I was to start alphabetically last week with the specialties in dentistry. I happened to start with the one that was on my mind instead. This week, I will start with the first one alphabetically which is Dental Anesthesia.
Dental Anesthesia is the newest specialty in dentistry in Canada. It is less than two years old as a recognized specialty here. As such, it will be difficult to access someone who is a certified specialist in this field for a few years. Usually when a specialty is new, its first members work primarily at dental schools to train members of the clinical part of the profession both as general dentists and as specialists in the same discipline as themselves. Continuing Education training to dentists already practicing in the community is also a priority.
Dental Anesthesia (also called Dental Anesthesiology) is concerned with local anesthesia, sedation, and general anesthesia for use when doing dental procedures. The most common form of anesthesia in dentistry is local anesthesia. Local anesthesia is when a small area of the body is made numb so it will not feel pain, with the patient still awake. This is the way most dental procedures are done. Usually, local anesthetic (freezing) is placed and a few teeth or a somewhat larger part of the jaw is anesthetized and the work is done in that area. However, sometimes anesthesia of a different type is needed. Take, for example, extraction of wisdom teeth. Often, people are afraid of this procedure. As well, the mouth needs to be opened quite wide to make as much space in the operating area as possible. Both of these considerations can be addressed by sedating the person. Local anesthetic is used in addition to the sedative agent. Another example when anesthesia in addition to local anesthesia would be necessary is with a very young patient like someone with nursing caries (baby bottle cavities). The person is usually under 4 years old—often only 2—and has extensive work that has to be done. General anesthesia (putting the person to sleep) is usually the method of choice for these patients. Another example is a person who is very afraid of getting work done. Work can be accomplished without any anxiety using nitrous oxide gas (laughing gas) in addition to local anesthetic (freezing). The person often swears no “needles” were ever used, but the gas does not provide anesthesia when used in the dosages allowed today so local anesthetic is always used. This method is very effective on adults but has varying results on children. Even oral anti anxiety medications like ativan provide a nice adjunct to local anesthetic for the anxious patient.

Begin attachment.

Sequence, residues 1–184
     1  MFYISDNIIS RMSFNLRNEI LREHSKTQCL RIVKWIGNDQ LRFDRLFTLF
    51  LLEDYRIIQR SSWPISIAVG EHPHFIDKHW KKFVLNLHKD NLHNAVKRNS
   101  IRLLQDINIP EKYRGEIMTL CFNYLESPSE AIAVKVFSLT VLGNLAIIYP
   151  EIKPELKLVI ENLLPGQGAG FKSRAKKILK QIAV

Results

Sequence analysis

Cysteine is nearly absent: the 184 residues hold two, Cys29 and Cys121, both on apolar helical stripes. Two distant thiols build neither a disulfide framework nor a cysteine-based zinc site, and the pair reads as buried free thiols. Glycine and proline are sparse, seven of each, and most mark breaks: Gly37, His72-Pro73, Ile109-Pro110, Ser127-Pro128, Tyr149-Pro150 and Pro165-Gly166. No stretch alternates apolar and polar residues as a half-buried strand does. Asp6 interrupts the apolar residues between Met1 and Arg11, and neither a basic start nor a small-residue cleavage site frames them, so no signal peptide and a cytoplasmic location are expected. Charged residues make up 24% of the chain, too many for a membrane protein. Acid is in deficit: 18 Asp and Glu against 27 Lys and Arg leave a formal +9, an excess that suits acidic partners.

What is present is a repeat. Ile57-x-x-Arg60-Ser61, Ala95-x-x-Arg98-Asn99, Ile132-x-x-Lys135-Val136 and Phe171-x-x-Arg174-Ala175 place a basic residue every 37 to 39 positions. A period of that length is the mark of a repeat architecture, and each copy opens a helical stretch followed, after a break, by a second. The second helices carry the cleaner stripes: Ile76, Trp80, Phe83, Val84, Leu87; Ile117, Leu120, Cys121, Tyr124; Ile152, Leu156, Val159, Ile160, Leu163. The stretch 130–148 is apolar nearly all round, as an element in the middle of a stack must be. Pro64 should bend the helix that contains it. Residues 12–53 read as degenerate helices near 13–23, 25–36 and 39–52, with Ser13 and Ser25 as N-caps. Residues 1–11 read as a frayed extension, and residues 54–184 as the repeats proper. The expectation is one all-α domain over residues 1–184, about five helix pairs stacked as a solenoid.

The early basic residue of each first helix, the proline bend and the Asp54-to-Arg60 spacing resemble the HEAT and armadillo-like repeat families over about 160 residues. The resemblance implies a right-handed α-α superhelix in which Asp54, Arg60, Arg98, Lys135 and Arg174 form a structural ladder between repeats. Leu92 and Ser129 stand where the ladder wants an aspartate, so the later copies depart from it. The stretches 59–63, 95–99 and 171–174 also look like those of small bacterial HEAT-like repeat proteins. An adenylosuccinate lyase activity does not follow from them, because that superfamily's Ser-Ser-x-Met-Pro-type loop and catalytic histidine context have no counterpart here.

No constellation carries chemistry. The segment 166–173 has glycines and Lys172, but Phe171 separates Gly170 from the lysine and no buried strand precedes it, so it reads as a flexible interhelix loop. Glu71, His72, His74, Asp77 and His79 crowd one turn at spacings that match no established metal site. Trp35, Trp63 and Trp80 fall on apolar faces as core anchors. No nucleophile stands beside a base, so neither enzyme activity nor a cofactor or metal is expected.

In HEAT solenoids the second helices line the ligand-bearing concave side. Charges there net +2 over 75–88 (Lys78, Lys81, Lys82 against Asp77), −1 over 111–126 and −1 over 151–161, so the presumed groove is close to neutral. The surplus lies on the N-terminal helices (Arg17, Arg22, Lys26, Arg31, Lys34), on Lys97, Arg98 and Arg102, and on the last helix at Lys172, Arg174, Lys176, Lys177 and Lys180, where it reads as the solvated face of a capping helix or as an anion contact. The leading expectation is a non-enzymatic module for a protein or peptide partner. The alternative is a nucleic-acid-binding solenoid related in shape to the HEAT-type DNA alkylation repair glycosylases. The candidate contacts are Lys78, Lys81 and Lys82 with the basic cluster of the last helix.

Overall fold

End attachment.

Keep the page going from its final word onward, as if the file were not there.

Of the examples above, only the use of a single anti anxiety oral medication (like ativan) along with local anesthetic is allowed in Ontario by a general dentist without additional training. Along with the techniques of use of these various agents and many others, a dental anesthesiologist is trained in deciding which agent would be most useful for a certain case given the procedure to be done and the medical history of the patient. This is a new field. We are also expecting that dental anesthesiologists will provide further training and expertise to dentists about enhanced effectiveness of local anesthetic and new techniques. In fact, it is likely that your dentist will receive additional training from a dental anesthesiologist that will make your treatment more comfortable and second injections less likely. This is one of the dental specialists a regular patient will likely never meet, but the work of this person will make the treatment you receive from your dentist easier. We are awaiting the opportunity to hear from one of these specialists in our area.
- This article was written by Dr. Mike Christensen and published in the Daily Miner and News, and Enterprise. Local Kenora News Publicatons (1998-2006)